92–94 Thermostatting is achieved through NoséHoover chains, and isotropic cell fluctuations are used for barostatting to achieve zero inplane tension.
 On the other hand, in the absence of any solvent effects, and with the deterministic MTK integrator used here, the outofplane dynamics is solely determined by the particle masses and the stiffness of the forcefield developed based on the scheme introduced in Sec. II C.
 As the forcefield is the outcome of the parameterspace optimization aiming to reproduce the desired membrane elasticity, the only remaining parameter is the mass of model particles.
 Achieving physically relevant outofplane dynamics pertaining to membrane patches suspended in a solvent is only possible through either implementing a suitable stochastic integrator or including solvent effects explicitly or implicitly.
C. Simulation code and visualization
 Mainly due to the fact that the implementation of bondflipping Monte Carlo moves in available molecular dynamics software packages proved impractical, an inhouse C++ code has been developed to handle the simulations.
 Visualization is done via the Visual Molecular Dynamics (VMD) software package.95.
A. Thermal undulations
 A lipid bilayer patch in thermal equilibrium undergoes significant outofplane thermal undulations.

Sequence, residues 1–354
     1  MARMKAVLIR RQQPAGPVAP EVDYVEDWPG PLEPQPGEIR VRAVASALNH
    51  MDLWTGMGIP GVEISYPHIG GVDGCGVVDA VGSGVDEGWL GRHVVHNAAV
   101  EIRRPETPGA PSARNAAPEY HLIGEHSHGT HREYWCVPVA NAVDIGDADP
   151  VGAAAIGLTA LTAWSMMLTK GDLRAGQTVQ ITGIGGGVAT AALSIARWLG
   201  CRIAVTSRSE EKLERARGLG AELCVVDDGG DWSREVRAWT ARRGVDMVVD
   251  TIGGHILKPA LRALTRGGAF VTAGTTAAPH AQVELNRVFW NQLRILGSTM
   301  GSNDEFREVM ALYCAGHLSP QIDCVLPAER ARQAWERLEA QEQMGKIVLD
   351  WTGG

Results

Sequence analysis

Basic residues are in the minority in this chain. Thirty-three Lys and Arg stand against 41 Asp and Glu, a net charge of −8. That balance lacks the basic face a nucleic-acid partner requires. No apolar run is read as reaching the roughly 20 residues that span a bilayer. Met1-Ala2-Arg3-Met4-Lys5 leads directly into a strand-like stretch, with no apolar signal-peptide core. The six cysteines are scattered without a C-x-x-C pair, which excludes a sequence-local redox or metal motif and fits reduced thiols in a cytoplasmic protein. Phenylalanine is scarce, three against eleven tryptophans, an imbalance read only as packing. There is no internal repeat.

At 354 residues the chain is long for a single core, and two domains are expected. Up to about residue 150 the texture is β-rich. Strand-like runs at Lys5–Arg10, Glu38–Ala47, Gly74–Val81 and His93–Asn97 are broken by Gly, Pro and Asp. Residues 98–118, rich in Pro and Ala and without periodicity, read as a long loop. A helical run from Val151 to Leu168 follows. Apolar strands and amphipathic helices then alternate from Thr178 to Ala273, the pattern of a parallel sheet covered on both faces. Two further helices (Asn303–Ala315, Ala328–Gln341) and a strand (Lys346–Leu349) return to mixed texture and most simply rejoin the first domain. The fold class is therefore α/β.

These undulations can be studied from a statistical mechanics point of view to obtain energy distribution among different vibration modes.
 To ensure that the membrane patches have indeed been equilibrated, an estimate of the relaxation time of the system is required.
 The parameters for these fits are given in Table II.
 It is observed that increasing the lattice parameter in general has little effect on the ability of the model to reproduce continuum behavior.
B. Area compressibility
 As an example of additional physical properties of the model that can be taken into account when choosing potential parameters, area compressibility of the membrane is calculated for a model for which potential parameters are chosen from different families.
 The results are ordered as functions of the stiffness of the anglebending potential, Kb, and are depicted in Fig.
 The fluidity of the 2D liquid is described in terms of the surface viscosity, which arises from the assumed linear relation between the inplane shear stress and the corresponding velocity gradient.
 Thus, the general procedure described in this section has to be repeated if another integrator is used.
D. Nanoparticle wrapping